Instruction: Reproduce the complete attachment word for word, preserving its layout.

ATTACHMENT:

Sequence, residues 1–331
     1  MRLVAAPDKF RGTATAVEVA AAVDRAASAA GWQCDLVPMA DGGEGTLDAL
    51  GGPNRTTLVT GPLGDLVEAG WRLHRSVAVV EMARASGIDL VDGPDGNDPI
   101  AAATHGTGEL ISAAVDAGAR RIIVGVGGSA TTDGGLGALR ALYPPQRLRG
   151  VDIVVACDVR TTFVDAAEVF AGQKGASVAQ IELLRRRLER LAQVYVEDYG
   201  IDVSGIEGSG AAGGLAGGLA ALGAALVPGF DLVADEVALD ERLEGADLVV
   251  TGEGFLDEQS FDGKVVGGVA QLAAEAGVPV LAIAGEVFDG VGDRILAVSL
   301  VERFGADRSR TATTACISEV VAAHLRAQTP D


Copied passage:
Sequence, residues 1–331
     1  MRLVAAPDKF RGTATAVEVA AAVDRAASAA GWQCDLVPMA DGGEGTLDAL
    51  GGPNRTTLVT GPLGDLVEAG WRLHRSVAVV EMARASGIDL VDGPDGNDPI
   101  AAATHGTGEL ISAAVDAGAR RIIVGVGGSA TTDGGLGALR ALYPPQRLRG
   151  VDIVVACDVR TTFVDAAEVF AGQKGASVAQ IELLRRRLER LAQVYVEDYG
   201  IDVSGIEGSG AAGGLAGGLA ALGAALVPGF DLVADEVALD ERLEGADLVV
   251  TGEGFLDEQS FDGKVVGGVA QLAAEAGVPV LAIAGEVFDG VGDRILAVSL
   301  VERFGADRSR TATTACISEV VAAHLRAQTP D